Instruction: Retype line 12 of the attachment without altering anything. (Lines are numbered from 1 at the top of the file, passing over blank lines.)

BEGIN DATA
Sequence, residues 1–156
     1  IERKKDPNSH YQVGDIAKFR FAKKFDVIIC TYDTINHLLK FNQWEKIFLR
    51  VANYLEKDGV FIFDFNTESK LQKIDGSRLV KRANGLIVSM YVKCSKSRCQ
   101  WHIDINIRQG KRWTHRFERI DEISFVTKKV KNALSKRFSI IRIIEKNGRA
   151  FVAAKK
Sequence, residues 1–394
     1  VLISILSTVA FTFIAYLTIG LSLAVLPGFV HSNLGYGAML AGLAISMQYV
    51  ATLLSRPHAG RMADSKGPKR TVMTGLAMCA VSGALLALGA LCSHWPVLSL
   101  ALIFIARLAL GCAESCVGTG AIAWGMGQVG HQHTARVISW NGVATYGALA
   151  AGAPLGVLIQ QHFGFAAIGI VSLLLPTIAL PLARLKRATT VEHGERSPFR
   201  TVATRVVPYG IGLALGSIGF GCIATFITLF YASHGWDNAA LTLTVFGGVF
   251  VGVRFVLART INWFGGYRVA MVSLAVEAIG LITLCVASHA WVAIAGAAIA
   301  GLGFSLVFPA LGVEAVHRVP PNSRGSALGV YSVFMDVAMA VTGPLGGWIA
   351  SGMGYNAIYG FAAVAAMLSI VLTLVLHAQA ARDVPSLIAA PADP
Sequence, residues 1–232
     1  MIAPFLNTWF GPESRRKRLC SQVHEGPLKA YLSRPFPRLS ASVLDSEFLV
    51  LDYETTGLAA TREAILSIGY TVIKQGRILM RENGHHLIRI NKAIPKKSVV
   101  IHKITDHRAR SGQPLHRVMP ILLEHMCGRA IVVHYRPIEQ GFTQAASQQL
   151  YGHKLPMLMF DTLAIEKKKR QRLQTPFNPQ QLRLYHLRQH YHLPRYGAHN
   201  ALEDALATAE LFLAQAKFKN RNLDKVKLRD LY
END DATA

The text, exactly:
   251  VGVRFVLART INWFGGYRVA MVSLAVEAIG LITLCVASHA WVAIAGAAIA